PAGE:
This is my last column for a while. I am off to become chairman of the BBC Trust â€“ the strategic authority of one of the greatest broadcasting organizations in the world. So I have to take a Sicilian vow of omerta on controversial issues for the term of my chairmanship. That makes for boring commentary: better to put down my pen.
Itâ€™s in my hand on this occasion as I look out over the Bosphorus on a glittering March morning. The sun glints across the water to the Asian coastline of the city; the seagulls bank in the breeze; a great liner sails majestically north toward the Black Sea. Itâ€™s a â€śgood-to-be-aliveâ€ť sort of day. But I always feel like that in Istanbul, a great city where so much world history has been forged. And itâ€™s the city where Europeâ€™s future may be shaped â€“ Istanbul, not Brussels, Paris or Berlin. Let me explain.
Europeâ€™s current political identity emerged from its recent history. In the 19th century, the continentâ€™s share of the worldâ€™s population increased from one-fifth to one-quarter. That helped European countries dominate the century as expansionist colonial powers. But it also created competitive pressures for living space, with much of the struggle crystallizing in the antagonism between France and an emerging Germany.
The result was three wars in 70 years. You can see the consequences in the sprawling cemeteries of northern and eastern France and the borderlands of central Europe. And we dragged others into our struggles. Look at all the Indian names carved on the memorial arches in Picardy. I recall the war memorial in a tiny village north of Queenstown in the heart of â€śLord of the Ringsâ€ť country on the South Island of New Zealand. Thousands of miles from the bloody fields of France, 26 young New Zealanders who died there are remembered on a granite cross.
So, in the days when Europe worshipped Mars, the god of war, the rest of the world was often drawn into our battles. We Europeans were dangerous to each other, and it was often even more dangerous to be one of our friends.
The creation of the European Union was how we Europeans tried to prevent another war. France and Germany were joined at the hip â€“ economic cooperation was meant to lead to closer political union. Around this historic compromise other countries circled, including those, like the United Kingdom, originally skeptical of the enterprise. We were already all drawn toward it, and our peace and prosperity were consolidated.
It worked far better than the doubters ever imagined was possible â€“ indeed, perhaps even better than its progenitors expected. A vast single market was created. Sovereignty was shared and transformed in areas like trade and the environment. A union with 7 percent of the worldâ€™s population produced 22 percent of its output, a larger share than the United States, almost twice that of China, and 4-5 times that of India.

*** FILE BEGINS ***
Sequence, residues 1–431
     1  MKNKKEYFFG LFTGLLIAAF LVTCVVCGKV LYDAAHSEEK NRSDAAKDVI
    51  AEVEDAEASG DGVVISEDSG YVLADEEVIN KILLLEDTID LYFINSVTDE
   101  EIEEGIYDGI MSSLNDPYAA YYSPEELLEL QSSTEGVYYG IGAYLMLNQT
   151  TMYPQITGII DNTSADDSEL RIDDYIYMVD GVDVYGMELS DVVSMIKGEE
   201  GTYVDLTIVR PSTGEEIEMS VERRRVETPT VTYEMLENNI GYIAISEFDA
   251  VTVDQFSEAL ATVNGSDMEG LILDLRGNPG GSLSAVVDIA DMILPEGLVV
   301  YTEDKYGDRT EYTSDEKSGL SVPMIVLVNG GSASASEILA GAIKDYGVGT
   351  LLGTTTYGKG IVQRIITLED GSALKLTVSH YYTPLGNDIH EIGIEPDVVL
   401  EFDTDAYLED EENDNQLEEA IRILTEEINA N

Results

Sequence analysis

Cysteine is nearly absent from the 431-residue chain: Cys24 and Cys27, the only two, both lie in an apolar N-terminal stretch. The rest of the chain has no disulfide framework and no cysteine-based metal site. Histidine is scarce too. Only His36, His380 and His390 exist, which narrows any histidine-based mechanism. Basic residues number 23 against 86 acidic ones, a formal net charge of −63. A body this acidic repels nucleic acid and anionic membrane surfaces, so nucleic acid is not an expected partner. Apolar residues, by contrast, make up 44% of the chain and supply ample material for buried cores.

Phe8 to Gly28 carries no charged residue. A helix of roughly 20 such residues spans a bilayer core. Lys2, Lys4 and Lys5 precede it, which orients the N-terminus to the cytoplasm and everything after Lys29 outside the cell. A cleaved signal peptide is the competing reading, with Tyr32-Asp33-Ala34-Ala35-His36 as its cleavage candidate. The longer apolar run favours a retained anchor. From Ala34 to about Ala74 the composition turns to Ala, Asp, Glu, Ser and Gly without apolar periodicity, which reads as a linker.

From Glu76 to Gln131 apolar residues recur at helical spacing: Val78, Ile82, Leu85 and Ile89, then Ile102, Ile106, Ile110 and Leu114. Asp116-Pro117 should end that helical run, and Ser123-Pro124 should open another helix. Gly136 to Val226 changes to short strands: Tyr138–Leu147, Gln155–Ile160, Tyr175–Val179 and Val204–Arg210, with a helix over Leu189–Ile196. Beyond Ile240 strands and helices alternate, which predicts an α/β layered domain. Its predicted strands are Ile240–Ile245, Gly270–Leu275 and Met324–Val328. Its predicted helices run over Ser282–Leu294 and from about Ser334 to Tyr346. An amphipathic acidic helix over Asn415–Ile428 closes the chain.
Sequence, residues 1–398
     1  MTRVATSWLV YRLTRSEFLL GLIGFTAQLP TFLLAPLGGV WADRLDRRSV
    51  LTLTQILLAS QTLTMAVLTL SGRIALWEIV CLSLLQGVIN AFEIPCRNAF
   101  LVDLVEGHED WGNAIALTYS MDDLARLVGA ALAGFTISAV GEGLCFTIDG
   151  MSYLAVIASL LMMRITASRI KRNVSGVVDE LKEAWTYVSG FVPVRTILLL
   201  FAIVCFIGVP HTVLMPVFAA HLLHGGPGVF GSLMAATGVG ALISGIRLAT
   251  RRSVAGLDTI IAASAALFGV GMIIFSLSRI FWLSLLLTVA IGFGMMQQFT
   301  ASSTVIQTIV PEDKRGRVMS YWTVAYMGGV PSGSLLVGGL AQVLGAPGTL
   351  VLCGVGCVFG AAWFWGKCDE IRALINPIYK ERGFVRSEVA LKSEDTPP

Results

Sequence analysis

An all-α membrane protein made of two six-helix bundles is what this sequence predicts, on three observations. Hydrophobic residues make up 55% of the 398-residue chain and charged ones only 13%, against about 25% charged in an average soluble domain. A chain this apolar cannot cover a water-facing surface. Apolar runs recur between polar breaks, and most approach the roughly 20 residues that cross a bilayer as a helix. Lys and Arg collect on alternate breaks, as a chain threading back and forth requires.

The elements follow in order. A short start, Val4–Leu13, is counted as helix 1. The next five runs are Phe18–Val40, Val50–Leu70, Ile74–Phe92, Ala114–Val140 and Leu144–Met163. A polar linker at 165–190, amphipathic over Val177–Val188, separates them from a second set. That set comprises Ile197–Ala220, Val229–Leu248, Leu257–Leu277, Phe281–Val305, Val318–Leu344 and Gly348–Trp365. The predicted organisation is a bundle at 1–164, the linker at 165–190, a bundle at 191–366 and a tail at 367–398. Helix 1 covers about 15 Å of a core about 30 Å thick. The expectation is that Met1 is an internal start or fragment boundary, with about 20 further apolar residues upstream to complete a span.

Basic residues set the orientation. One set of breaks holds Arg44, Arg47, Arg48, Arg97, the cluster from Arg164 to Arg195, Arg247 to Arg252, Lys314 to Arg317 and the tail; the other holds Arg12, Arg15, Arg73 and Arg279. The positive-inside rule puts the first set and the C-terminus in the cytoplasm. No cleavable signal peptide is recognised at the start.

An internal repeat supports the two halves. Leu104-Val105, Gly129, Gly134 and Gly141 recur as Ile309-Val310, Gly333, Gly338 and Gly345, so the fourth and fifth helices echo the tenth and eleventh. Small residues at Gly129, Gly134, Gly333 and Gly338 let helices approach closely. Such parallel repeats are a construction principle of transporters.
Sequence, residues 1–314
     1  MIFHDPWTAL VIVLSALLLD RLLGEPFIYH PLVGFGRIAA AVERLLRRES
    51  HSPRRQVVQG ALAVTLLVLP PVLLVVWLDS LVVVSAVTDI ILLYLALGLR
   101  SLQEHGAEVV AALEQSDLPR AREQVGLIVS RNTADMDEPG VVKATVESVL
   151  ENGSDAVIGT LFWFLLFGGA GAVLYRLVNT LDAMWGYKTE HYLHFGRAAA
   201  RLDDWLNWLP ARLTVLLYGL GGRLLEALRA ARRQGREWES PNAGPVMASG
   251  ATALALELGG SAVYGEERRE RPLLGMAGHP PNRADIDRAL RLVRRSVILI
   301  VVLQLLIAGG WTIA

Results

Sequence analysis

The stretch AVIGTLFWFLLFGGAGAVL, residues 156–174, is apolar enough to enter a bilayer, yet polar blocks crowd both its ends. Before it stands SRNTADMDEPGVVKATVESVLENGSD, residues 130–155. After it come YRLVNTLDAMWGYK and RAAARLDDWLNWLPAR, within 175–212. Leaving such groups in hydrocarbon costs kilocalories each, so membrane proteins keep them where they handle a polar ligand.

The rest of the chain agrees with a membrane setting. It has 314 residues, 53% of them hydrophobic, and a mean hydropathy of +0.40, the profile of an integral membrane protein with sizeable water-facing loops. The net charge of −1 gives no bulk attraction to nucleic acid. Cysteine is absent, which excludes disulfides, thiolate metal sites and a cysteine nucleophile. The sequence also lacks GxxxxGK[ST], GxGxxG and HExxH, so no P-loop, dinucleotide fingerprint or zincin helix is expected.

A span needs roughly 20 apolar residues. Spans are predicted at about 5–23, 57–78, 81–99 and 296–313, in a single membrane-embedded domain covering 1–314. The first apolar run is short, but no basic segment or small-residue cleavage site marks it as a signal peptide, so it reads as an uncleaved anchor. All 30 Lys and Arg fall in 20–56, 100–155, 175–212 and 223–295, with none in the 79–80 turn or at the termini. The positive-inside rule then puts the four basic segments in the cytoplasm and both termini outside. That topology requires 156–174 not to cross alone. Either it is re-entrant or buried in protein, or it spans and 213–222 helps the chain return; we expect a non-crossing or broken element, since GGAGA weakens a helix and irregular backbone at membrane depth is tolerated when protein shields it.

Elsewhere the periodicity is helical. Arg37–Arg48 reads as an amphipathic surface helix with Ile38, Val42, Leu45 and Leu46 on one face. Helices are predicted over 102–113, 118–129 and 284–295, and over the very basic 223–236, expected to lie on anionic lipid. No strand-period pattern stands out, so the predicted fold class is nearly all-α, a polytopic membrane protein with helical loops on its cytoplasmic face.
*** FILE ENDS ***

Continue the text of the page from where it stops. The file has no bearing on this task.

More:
The European economic giant aspired to a global political role, but here reality swept in. The Mars of the 20th century is a lot less sure of itself in the 21st. Until the United Nations-backed Libyan intervention, Europe seemed increasingly a bystander in international affairs, and even its participation in Libya is largely a Franco-British affair, with Germany opting out and choosing a quiet life.
So what is the point of Europe today? Tell my children that the EU is there to prevent us from fighting one another again, and their reply is blunt: â€śOf course we are not going to fight.â€ť Europeâ€™s moral purpose today is an existential question that all Europeans must consider.
For me the answer is to be found in Turkey. Europe with Turkey as a member would naturally be a more dynamic economy. Turkey is a regional energy hub. It has clout and respect in its own region with formidable fighting forces. Above all, Turkey is now a role model for other Islamic societies striving to accommodate democracy, civil liberties, the rule of law, an open economy, pluralism and religion.
As an EU member, Turkey would add a new dimension of massive historic importance. Europeans would show that they could embrace an Islamic democracy and build a strong bridge between Europe and Western Asia.
That, in turn, would create a new European identity and narrative, a new reason for the EU to exist in this century, a way of rejecting the divisive politics of old. I hope that by the time I take up my pen again, we will be on our way to this destination. If not, many of us will find it increasingly difficult to see Europe as anything more than a glorified customs union with political ambitions far too big for its boots.